60-year-old stamps uncovered in the walls of the Grey Nuns Residence
Workers repairing a wall in a room at the Grey Nuns Residence were surprised to find two stamps bearing an image of Marguerite d’Youville, dating from 1955, plastered on wooden beams hidden inside the drywall.
D’Youville (1701–1771) founded the Sisters of Charity of Montreal, more commonly known as the Grey Nuns, in 1737.
Andrew Clement, who was overseeing the construction project for Concordia’s Facilities Management, said his first instinct was to reach out and peel the stamps off the beams, where they had likely been pasted 60 years ago.
“But almost instantly, I stopped myself. I thought, ‘This is the Grey Nuns, it’s old, and there’s a lot of historical value here.’”
After taking some pictures, the work crew left the stamps where they were found and closed the wall back up. “These things have been in there for 60 years, and they’ll remain in there for another 60. We’ve got it documented, so we know where they are,” Clement says.
So why were these images of d’Youville placed in the walls? For protection, says Sister Nicole Fournier, congregational assistant and secretary for the Grey Nuns. “In the walls, sometimes we would find images placed there, an image of Marguerite d'Youville to protect against fires.”
Sister Faye Wylie, congregational treasurer and councillor, confirms that this common practice started after an important event in Marguerite d'Youville's life. "After one of the residences was damaged by fire she had said, we will not lose another one to fire."
Father P. Duchaussois' history The Grey Nuns in the Far North was published in 1919. In the book, he recalls the day when the Ville Marie Hospital, which was run by the sisters, burned to the ground on May 18, 1765.
"In a little while the whole building was consumed, and 118 persons were left without even a roof to shelter them. Amid the ruins, the pious Foundress said, 'My Children, let us kneel down and recite the Te Deum, to give thanks to God for sending us this cross.' When she rose to her feet, she said, as if inspired, 'Be of good heart, it will never burn again.' Her words have remained true till the present hour."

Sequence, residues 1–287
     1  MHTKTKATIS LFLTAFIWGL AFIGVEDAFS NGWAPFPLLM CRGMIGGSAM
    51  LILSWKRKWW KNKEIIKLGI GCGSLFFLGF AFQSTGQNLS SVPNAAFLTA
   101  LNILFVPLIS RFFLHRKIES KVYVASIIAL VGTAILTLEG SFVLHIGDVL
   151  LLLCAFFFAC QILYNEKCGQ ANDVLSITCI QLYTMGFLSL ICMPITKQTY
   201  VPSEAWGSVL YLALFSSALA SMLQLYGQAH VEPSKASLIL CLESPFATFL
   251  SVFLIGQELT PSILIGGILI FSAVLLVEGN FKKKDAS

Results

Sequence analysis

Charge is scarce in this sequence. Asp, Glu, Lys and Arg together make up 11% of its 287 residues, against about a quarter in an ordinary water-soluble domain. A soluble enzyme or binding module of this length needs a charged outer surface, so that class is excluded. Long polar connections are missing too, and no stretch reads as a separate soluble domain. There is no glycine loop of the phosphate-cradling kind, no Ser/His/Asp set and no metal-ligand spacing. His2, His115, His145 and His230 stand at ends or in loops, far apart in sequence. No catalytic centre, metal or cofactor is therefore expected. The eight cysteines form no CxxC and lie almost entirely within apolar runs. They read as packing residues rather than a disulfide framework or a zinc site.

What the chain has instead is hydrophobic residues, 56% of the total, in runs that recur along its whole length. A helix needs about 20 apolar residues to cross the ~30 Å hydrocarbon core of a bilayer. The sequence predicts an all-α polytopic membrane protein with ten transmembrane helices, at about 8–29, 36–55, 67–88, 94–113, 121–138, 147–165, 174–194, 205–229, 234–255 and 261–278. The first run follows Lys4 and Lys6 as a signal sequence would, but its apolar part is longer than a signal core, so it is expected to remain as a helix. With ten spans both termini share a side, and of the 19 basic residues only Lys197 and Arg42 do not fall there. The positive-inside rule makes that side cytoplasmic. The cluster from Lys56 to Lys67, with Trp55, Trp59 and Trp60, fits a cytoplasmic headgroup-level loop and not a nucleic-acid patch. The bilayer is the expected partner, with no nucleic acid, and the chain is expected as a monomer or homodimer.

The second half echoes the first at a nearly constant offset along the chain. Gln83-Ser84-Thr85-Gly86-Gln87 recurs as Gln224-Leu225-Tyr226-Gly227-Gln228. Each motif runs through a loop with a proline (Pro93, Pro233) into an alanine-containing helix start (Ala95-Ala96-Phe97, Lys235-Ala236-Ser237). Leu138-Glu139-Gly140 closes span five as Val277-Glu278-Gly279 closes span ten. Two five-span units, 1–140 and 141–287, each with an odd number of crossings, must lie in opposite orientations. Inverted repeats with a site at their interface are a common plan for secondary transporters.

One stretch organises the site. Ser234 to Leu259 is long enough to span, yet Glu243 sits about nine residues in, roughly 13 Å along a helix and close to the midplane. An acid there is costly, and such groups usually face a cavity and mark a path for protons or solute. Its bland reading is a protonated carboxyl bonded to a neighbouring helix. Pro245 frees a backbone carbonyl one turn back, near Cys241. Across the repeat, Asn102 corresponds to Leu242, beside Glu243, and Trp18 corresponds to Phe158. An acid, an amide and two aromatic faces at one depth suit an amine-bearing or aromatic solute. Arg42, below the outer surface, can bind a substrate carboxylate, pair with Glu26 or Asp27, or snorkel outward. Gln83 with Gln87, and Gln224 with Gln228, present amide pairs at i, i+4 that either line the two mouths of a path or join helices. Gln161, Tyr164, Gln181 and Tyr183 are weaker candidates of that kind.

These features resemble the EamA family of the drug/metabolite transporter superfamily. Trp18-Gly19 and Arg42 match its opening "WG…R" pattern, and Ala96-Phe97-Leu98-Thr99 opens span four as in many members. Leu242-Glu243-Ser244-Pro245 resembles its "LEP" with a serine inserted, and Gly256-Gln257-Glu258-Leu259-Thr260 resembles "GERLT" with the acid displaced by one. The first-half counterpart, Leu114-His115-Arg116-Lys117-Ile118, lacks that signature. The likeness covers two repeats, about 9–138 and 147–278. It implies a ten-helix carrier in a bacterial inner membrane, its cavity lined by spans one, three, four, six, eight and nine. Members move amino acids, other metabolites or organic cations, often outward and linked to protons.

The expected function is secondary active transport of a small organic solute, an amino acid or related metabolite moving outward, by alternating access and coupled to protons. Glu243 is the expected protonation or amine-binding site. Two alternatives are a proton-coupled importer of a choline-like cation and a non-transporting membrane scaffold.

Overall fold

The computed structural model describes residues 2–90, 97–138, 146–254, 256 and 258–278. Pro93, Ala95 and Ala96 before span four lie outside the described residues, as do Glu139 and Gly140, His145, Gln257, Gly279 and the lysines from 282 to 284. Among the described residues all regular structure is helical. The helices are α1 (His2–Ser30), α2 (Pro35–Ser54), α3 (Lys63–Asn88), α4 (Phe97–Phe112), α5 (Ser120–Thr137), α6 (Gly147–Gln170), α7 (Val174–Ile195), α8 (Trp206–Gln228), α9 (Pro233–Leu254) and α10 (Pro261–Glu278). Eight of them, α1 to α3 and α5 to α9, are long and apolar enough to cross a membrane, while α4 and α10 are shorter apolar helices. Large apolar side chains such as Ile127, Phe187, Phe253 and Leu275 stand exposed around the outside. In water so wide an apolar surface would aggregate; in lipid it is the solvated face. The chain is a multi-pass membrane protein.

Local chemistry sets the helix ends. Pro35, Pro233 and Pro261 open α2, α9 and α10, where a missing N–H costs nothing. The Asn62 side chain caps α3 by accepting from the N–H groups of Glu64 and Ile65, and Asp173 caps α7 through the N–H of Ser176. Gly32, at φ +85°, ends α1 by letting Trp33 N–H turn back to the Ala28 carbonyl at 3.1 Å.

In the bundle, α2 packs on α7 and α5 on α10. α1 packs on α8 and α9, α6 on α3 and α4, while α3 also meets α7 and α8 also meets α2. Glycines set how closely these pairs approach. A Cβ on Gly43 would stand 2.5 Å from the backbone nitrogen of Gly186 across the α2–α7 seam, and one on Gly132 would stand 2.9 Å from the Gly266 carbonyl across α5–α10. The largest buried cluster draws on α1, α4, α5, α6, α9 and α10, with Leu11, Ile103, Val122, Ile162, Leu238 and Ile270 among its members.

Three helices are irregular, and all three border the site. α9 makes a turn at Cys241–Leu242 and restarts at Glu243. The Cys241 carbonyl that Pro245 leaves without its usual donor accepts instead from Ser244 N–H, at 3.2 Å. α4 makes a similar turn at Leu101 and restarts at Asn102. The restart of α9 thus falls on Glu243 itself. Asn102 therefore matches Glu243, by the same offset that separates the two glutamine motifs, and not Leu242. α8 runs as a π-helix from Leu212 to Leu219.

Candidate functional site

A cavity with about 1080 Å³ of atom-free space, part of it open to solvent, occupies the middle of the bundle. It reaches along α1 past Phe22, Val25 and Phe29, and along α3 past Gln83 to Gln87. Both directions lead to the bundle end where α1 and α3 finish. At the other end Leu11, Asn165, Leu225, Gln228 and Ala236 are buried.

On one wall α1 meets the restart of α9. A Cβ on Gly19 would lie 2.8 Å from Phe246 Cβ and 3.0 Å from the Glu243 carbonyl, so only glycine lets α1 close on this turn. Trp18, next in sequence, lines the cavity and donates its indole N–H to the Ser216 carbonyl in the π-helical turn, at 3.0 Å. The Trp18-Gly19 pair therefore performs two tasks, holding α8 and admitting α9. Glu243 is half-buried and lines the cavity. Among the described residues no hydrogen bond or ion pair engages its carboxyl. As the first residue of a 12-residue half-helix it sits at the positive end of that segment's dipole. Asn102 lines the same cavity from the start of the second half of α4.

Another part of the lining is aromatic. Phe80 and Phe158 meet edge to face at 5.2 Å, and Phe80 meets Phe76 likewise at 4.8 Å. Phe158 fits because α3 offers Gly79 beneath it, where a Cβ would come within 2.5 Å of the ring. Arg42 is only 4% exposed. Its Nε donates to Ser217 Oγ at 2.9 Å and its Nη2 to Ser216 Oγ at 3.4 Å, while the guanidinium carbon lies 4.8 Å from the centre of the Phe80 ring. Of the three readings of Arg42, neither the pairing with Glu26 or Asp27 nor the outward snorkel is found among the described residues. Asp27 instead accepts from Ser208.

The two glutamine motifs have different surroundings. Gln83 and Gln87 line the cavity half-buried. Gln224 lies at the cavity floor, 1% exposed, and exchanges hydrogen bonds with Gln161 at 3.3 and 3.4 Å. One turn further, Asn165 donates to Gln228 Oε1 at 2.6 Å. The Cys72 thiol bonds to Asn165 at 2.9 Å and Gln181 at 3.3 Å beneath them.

The stamps aren’t the only images of d’Youville hidden around the Grey Nuns Residence. Clement, who has been involved in a lot of the renovation work over the past few years, has come across several others himself. “I’ve been in a lot of places where others haven’t been … There are pictures of Marguerite d'Youville up in the rafters and in the basement, tacked onto beams.”
Fournier says that when the order undertook previous renovations they also found small rolls of paper with prayers written on them hidden in various places. What surprised her, however, was that someone would hide historically significant stamps in the walls, ensuring they wouldn’t be found for a long time.
The stamps were issued on the 200th anniversary of the canonical approbation of the Grey Nuns in 1755 by Monseigneur de Pontbriand, Bishop of Quebec — essentially recognizing the order’s right to pursue its spiritual and charitable mission.
Fournier also points out that 1755 was the same year the Sisters began wearing their signature grey-beige habit with black gauze coif, black cape, veil and cincture. “It was the same traditional habit that would endure until 1968 with very few changes,” Fournier says.
D’Youville died in 1771 at the age of 70. She was beatified in 1959, and in 1990, Pope John Paul II canonized the Grey Nuns founder. Originally entombed in a crypt beneath the Grey Nuns mother house, her remains were relocated to her birthplace in Varennes, Quebec, in 2010.
Learn more about the history of the Grey Nuns Residence.